Poet Muriel Rukeyser said, “The universe is made of stories, not of atoms.” Nothing moves us so deeply and communally as a story, the story of who we are and where we come from, the story of good triumphing over evil, the story of an underdog up against impossible odds. So it should come as no surprise that God chose to reveal himself to us through a story. Yes, the Bible is more than just a story, it’s also poetry and wisdom and law, but ultimately it traces the real events that occurred throughout the history of humanity, and how we intersect with the greatest story of all: God’s story.

God loves stories, and he especially loves when we tell his story that is woven through our individual lives, our own small chapters of the greater story, you could say. We know God loves this because he commands his people in Deuteronomy 6:4-9, “Hear, O Israel: The LORD our God, the LORD is one. You shall love the LORD your God with all your heart and with all your soul and with all your might. And these words that I command you today shall be on your heart. You shall teach them diligently to your children, and shall talk of them when you sit in your house, and when you walk by the way, and when you lie down, and when you rise. You shall bind them as a sign on your hand, and they shall be as frontlets between your eyes. You shall write them on the doorposts of your house and on your gates.” When you tell bedtime stories to your kids, tell them about me, says God. And when you’re sitting in the car waiting for your Target curbside delivery, talk about me. And when you watch a really good movie, tell each other how it reminds you of me. Everything you do, says God, should be viewed through a gospel lens, and we keep this gospel lens sharp and focused by telling the story of God to ourselves and to each other all the time.

Later on, we see God reminding his people of this under the leadership of Joshua. In Joshua 3:5, Josh essentially tells the people, “Buckle up. God is going to do something amazing tomorrow.” The next day, the priests carried the ark of the covenant, which was at the time the very dwelling place of God on earth, down to the river. As soon as their feet touched the water, the river opened up a dry path for the people to cross over. The priests stood in the dry place in the middle of the river until all the people of God had safely passed, and as soon as the priests were all on dry land, the river rushed back into its bed. 

Then God gave instructions to Joshua for the people. Joshua told them, “ “Pass on before the ark of the LORD your God into the midst of the Jordan, and take up each of you a stone upon his shoulder, according to the number of the tribes of the people of Israel, that this may be a sign among you. When your children ask in time to come, ‘What do those stones mean to you?’ then you shall tell them that the waters of the Jordan were cut off before the ark of the covenant of the LORD. When it passed over the Jordan, the waters of the Jordan were cut off. So these stones shall be to the people of Israel a memorial forever.” These stones were not only reminders, they were stories for a largely illiterate society. When they looked at the stones, they would remember the day that God stopped the river so they could cross, which would remind them of when God did the same miracle many years earlier during their rescue from slavery in Egypt, and that in turn would perhaps remind them of God’s promise of a coming savior, a descendant of their father Abraham, who would rescue his people from the slavery of sin for all time by becoming a sacrificial lamb for the slaughter. You see how important these stories were. They were a reminder of who the people were, where they had come from, what God had done for them, and the wonderful promises God had yet to fulfill.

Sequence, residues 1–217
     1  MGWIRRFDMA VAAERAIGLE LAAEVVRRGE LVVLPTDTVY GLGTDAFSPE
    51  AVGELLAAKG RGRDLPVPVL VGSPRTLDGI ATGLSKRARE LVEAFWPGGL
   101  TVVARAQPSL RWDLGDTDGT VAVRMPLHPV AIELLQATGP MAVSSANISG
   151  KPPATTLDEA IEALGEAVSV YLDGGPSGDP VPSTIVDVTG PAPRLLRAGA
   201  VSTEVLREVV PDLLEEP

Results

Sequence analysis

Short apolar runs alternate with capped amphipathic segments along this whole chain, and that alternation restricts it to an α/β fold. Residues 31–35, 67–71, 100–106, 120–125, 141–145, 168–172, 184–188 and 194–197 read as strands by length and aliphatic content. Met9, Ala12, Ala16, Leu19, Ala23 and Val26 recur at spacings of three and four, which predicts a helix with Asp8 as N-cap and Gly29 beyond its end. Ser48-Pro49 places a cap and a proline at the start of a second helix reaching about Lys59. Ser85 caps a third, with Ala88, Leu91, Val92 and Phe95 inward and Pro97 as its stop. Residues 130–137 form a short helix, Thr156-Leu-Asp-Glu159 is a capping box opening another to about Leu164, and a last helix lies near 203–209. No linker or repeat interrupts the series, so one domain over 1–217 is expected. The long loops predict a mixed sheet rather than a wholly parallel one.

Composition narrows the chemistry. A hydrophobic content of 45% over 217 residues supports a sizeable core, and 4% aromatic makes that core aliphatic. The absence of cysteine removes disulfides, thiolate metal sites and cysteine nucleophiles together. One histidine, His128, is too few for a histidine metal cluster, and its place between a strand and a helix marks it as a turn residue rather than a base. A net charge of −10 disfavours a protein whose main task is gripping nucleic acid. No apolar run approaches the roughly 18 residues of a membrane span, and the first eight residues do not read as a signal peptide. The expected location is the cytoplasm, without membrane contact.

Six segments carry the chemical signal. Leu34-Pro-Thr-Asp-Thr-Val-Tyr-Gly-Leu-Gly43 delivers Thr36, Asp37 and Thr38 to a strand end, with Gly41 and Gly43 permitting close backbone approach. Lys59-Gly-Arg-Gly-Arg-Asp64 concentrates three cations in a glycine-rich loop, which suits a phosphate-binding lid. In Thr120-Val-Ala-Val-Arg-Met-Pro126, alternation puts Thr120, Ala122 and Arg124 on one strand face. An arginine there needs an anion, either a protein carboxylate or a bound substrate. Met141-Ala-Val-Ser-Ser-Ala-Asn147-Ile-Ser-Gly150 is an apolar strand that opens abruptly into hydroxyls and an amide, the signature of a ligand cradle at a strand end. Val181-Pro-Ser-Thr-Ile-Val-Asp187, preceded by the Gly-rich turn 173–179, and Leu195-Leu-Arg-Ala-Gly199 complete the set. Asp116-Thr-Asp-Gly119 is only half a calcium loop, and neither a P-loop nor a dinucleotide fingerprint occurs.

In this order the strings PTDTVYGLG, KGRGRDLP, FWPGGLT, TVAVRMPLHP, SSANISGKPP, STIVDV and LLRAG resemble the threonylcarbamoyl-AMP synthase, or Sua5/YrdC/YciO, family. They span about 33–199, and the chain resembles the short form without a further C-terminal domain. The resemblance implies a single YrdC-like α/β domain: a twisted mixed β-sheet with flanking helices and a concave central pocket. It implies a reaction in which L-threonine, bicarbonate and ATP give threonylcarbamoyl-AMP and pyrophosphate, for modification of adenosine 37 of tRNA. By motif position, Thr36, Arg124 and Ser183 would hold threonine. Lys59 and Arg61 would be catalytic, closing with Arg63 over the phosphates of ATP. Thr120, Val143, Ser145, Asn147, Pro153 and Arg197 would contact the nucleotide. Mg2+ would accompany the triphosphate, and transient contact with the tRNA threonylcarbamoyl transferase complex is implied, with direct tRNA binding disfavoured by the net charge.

The more often we tell these stories to ourselves and to each other, the more we come to understand about the nature and character of God. Peter said, “His divine power has granted to us all things that pertain to life and godliness, through the knowledge of him who called us to his own glory and excellence, by which he has granted to us his precious and very great promises” (2 Peter 1:3-4). Through the knowledge of God, we are supernaturally given everything we need to live godly lives. This doesn’t mean that God is going to be revealing new information directly to us each morning but that God has given us all the knowledge we need in his word, his story, the Bible. The more we dig into this story, the more we learn about God and about how he calls us to live, and the more the Holy Spirit empowers us to do so. We can trust that his word is true because, as Peter goes on to say, “[N]o prophecy was ever produced by the will of man, but men spoke from God as they were carried along by the Holy Spirit” (21). The Bible was written by men but was inspired by the Holy Spirit, making God its ultimate author.

And one of the coolest parts of God’s story for you and for me is that we get to play a part in it, because the word of God continues to go forth into the world through members of the kingdom of God. Jesus told his followers in Matthew 10, “When they deliver you over, do not be anxious how you are to speak or what you are to say, for what you are to say will be given to you in that hour. For it is not you who speak, but the Spirit of your Father speaking through you” (19-20). The same Spirit that inspired the writing of scripture, the same Spirit that raised Jesus from the dead, is at work in you and in me, giving us the words to say when we need them, giving us the stories that people need to hear. So don’t be afraid to share your story, giving special attention to the places where your story intersects with God’s story, your own personal stones of remembrance. Then buckle up, because God is about to do something amazing.

Written By: Jess Upshaw Glass